3) Establish good media habits.  Lead the way.  Model a Christian perspective and attitude towards media in front of your kids.  Don’t be a screen junkie yourself!  Media should be a privilege instead of a constant activity that is simply taken for granted.  Have your kids get into the habit of asking to use a screen (like they would ask to use matches, dad’s tools, or anything else that might be dangerous or that needs supervision).  Take screen time away or limit it when disciplining kids.  Contrary to popular beliefs, your 11-year-old is not legally entitled to own a digital device and use it for hours each day!

4) Attach all media to a system of accountability.  Location is everything.  Keep a common area.  Never allow a computer or television in your child’s room.  Have good filters, and require your children to share their passwords.  You have the authority to look at their screens/tablets/phones, so do that to make sure your child isn’t using the device in a sinful way.  Consider times during the week to have a “screen off” period.  Also remember to use rating systems on apps, safe search options on YouTube and Google, and IMDB or pluggedin.com for movie reviews.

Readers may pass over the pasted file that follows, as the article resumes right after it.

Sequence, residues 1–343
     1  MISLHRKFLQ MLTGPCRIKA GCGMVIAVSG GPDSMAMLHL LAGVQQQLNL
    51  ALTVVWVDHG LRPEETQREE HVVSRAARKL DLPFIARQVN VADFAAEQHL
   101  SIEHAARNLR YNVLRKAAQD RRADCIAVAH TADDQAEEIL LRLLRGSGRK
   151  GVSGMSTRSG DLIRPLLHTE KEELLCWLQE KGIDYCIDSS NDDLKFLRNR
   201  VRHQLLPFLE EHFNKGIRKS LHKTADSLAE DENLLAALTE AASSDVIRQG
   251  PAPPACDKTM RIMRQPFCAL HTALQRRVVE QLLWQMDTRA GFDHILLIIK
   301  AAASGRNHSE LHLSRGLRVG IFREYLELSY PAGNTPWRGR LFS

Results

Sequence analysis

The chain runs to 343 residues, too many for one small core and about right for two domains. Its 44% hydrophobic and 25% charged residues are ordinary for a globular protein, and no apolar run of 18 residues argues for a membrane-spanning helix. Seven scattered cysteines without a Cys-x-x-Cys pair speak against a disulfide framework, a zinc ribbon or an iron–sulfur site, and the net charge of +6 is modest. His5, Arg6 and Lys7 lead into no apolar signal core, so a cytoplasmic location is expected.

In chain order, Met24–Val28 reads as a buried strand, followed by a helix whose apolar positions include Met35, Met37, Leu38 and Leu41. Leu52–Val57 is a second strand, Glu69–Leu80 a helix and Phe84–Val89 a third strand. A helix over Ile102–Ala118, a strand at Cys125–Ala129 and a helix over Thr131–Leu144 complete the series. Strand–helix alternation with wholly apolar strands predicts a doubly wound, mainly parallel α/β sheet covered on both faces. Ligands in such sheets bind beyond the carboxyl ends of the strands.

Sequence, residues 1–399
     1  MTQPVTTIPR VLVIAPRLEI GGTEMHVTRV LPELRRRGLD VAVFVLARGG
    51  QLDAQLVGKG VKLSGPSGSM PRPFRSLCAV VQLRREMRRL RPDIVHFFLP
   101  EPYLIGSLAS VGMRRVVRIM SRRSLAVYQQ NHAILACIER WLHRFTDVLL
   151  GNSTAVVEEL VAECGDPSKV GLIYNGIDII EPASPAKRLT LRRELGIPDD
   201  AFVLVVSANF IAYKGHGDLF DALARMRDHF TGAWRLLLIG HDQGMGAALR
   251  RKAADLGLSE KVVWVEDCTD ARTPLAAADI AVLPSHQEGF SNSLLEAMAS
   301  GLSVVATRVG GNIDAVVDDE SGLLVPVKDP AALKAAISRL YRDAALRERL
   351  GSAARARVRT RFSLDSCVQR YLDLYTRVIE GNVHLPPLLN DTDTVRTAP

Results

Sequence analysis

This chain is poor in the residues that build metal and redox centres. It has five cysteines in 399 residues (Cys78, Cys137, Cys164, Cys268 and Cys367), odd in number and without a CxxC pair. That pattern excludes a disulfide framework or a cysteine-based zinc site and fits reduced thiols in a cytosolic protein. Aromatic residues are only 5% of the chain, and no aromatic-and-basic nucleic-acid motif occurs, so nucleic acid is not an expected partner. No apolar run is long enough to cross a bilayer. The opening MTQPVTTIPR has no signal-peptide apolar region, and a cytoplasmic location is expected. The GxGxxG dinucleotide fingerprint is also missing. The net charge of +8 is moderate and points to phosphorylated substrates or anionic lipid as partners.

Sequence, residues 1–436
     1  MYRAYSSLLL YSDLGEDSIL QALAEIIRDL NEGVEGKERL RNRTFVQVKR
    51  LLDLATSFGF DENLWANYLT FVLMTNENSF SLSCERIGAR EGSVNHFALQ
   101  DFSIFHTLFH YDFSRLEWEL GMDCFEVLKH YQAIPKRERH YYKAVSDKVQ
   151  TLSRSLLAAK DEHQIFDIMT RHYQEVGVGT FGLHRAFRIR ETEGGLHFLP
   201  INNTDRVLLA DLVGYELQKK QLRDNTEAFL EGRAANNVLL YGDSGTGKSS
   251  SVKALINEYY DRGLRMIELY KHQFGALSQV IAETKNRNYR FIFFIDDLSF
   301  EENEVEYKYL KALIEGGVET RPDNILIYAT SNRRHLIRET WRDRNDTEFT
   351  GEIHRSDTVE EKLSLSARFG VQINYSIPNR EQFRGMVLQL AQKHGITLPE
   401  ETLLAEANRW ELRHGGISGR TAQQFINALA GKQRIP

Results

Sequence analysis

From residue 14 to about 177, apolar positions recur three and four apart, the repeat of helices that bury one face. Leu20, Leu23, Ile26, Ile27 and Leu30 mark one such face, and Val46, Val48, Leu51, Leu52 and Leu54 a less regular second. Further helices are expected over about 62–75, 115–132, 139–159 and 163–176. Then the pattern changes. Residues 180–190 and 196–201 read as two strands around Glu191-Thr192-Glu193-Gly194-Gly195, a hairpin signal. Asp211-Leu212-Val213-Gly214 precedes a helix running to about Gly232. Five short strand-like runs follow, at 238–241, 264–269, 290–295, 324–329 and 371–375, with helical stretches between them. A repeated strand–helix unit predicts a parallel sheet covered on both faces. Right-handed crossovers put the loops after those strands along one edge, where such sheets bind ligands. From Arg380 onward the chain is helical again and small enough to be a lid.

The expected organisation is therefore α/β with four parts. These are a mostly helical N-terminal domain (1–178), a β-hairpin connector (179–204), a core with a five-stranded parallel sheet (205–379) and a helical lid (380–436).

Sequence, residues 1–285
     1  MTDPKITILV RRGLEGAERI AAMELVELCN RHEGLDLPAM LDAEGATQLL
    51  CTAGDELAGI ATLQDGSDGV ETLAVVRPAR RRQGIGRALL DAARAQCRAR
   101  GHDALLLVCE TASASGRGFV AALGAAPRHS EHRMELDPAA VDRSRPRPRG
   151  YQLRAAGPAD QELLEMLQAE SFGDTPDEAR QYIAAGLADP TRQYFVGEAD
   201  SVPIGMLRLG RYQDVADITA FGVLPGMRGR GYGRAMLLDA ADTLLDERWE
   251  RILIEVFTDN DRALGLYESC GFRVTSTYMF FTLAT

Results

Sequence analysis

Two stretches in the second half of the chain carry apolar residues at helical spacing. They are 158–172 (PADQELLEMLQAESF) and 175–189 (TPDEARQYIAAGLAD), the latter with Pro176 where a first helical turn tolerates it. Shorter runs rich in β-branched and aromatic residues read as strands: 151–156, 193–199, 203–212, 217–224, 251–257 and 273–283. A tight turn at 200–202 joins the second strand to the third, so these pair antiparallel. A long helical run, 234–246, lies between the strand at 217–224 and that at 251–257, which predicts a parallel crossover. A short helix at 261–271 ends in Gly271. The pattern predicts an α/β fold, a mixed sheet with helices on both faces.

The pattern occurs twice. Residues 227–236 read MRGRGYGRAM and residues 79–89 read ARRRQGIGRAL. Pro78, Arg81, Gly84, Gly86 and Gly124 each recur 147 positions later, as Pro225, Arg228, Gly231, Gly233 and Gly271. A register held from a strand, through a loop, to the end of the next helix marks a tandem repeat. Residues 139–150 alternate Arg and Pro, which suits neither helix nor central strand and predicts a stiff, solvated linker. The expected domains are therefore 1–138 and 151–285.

5) Determine a media diet and stick to it.  Discuss this with the entire family, and hold one another accountable.  Don’t be afraid to have time limits, and use blocks on devices so during certain times, they cannot use all the functions of the device (e.g. our devices use the Ubehind app which makes it so certain apps are blocked for a certain time).

6) Give your children alternative entertainment activities.  Sports, hobbies, board games, and books are just a few of the myriad of nondigital activities that are very healthy for kids (mentally, socially, and physically!).  In my family (SL), rather than purchasing an extra laptop, cellphone, or tablet, we used that money to get a small fishing boat, kayak equipment, some camping gear, and sports equipment so the kids had more options of things to do outside.) (see pages 183-184)

These are some helpful ways to keep our Christian homes from overuse, misuse, and unwise use of digital media.  If you’re a parent who is growing more and more lenient about your children and their screen time, remember your God-given role and authority, and prayerfully and lovingly begin to “reign in” digital media in your home.  It might be a tough job, but it will be good for you and your kids in the long run – spiritually, physically, mentally, and socially.

Here’s the book to help you: The Digital Invasion by A. Hart and S. Hart-Frejd.

shane lems
hammond, wi